Every participant whose cancers were in remission at the time they received the engineered cells has continued in remission for several years — “truly wonderful,” said Paulson, given how aggressive their cancers were. But the engineered cells did not help improve the survival of patients whose cancers were not completely in remission after transplant when they received the special T cells, the scientists reported.
Why? The research team dived in to find out.
The scientists focused on certain patients whose cases were especially mysterious: like that of one man, who was only in his early twenties when he enrolled on the trial after his acute myeloid leukemia came back. On the trial, he received genetically engineered T cells after his second bone marrow transplant failed to put his cancer into full remission.
With the engineered cells, his cancer did go into remission, but only for 12 months. And the reason his cancer came back wasn’t obvious. His genetically modified, cancer-targeting T cells were still circulating en masse throughout his blood. And his leukemia cells still displayed the molecular signature — a protein called WT1 — that the modified cells recognized.
The team harnessed a powerful technology called single-cell RNA sequencing, or scRNA-seq, to help them understand what was going on. scRNA-seq enables researchers to look at the identity and activity of many different cells at once. In scRNA-seq, sequencing technology records the gene activity of the thousands of diverse cells contained within a small sample of tissue — a blood sample, say. Then, sophisticated statistical techniques sort through the billions of sequences the technique generates to create maps showing which kinds of cells are present and what each one is doing.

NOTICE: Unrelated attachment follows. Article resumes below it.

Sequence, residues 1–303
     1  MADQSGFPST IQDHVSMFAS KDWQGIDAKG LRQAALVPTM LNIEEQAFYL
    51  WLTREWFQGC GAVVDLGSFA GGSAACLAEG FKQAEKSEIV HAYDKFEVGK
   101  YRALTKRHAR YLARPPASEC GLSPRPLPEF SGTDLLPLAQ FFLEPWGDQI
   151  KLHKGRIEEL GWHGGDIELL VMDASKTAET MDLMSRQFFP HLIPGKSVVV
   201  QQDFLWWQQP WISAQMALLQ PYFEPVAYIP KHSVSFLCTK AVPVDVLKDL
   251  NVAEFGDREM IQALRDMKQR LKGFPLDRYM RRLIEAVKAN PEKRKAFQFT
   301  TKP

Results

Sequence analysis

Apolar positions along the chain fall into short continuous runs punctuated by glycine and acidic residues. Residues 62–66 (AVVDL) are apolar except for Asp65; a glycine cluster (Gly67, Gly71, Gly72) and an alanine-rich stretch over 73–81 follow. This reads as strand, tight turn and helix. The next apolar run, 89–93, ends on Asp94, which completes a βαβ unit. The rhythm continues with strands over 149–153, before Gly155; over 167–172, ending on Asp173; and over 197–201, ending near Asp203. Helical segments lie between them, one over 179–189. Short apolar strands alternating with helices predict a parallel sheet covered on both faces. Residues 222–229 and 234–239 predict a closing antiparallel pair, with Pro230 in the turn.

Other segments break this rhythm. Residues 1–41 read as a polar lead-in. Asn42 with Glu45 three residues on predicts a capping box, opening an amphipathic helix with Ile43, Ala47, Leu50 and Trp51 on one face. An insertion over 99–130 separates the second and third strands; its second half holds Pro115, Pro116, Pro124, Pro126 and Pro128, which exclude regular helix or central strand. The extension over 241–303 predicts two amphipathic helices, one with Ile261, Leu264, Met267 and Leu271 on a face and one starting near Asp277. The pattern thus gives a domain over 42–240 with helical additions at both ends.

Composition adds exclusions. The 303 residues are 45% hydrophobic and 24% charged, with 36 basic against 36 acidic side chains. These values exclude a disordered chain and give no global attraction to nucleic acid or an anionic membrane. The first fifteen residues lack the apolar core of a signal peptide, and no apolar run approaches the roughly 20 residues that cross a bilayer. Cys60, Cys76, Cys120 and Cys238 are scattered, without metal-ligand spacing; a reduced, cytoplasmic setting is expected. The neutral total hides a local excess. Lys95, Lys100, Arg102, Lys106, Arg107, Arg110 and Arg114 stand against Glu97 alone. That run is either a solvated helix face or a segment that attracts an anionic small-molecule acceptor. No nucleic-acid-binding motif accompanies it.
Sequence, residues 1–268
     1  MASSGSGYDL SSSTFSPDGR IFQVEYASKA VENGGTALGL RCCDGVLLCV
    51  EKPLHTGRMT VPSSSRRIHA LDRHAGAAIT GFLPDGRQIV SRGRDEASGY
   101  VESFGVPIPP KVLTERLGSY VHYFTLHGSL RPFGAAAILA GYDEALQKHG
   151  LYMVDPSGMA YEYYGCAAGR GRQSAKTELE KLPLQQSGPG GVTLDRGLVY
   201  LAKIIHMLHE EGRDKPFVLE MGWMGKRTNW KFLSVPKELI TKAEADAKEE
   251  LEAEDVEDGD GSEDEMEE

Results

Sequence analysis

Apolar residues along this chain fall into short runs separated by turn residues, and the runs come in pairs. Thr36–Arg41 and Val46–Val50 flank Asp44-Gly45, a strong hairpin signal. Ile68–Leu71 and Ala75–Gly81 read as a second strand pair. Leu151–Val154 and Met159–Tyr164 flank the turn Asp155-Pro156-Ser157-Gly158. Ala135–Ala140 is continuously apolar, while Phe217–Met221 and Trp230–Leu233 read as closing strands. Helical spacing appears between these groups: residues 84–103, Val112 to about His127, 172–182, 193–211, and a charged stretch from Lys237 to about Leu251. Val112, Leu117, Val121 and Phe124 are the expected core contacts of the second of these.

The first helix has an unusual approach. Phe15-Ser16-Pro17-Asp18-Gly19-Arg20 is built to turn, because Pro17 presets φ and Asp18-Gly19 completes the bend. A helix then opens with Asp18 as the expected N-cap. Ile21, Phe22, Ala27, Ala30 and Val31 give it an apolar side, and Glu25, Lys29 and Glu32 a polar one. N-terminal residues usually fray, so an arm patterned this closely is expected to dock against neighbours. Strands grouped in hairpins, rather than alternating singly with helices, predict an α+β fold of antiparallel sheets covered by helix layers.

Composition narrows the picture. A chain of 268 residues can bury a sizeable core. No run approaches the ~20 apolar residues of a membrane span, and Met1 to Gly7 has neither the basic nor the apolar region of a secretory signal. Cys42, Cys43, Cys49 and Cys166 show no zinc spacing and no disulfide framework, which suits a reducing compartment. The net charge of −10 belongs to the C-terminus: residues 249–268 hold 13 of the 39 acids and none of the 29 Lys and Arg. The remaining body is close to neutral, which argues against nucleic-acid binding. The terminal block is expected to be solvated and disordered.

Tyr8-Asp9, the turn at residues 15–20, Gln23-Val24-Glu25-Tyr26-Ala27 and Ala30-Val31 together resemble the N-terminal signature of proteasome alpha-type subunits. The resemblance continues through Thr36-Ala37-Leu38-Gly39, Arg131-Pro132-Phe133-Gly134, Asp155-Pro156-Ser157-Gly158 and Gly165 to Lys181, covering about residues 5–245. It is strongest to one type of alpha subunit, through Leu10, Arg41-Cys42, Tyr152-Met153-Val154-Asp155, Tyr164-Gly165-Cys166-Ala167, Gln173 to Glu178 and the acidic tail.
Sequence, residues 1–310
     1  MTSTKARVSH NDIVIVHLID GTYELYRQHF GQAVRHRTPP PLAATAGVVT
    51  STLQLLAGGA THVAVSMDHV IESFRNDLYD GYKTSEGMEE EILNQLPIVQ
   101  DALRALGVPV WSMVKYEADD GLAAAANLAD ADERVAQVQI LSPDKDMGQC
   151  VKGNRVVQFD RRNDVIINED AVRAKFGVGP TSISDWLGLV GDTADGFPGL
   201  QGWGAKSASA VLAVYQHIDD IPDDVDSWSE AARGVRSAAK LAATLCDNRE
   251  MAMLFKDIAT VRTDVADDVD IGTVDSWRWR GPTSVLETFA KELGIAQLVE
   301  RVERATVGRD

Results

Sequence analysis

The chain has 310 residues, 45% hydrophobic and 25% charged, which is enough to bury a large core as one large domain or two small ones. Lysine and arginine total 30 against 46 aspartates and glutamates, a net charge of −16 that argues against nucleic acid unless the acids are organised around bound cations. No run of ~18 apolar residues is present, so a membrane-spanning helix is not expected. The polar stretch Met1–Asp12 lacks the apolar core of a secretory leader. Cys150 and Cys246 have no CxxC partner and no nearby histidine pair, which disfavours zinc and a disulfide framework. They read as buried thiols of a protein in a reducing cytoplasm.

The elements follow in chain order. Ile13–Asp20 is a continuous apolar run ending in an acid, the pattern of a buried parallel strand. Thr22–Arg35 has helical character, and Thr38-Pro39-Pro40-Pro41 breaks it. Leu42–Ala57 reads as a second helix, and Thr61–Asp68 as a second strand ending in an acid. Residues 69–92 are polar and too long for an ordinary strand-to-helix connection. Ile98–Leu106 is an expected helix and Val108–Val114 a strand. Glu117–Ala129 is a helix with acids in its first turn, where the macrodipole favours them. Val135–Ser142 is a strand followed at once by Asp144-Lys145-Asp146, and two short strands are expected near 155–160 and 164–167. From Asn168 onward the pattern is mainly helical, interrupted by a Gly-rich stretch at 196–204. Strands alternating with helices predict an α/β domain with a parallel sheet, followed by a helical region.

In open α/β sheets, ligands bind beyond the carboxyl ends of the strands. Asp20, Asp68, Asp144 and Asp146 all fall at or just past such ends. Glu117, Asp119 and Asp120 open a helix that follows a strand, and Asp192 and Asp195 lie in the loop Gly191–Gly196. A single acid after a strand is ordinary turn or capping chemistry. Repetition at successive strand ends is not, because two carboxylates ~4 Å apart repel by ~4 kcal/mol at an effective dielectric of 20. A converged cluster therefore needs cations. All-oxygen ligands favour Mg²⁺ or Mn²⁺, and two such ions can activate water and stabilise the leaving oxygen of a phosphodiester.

By analyzing samples from the man’s remission and his relapse, the researchers found that the genetically modified, cancer-targeting T cells stayed present, but they had lost their activity. “It suggested to us that the T cells weren’t seeing the leukemia cells very well anymore,” Paulson said.
Digging a bit deeper, they found out the likely reason for this: The man’s relapsed cancer cells had a slightly modified version of the molecular machinery cells use to process the proteins like WT1 that reveal their identity. With this tweak to their processing machinery, the cancer cells were still displaying their WT1 signatures. But they were displaying them in a different way — a way that the T cells had not been engineered to recognize.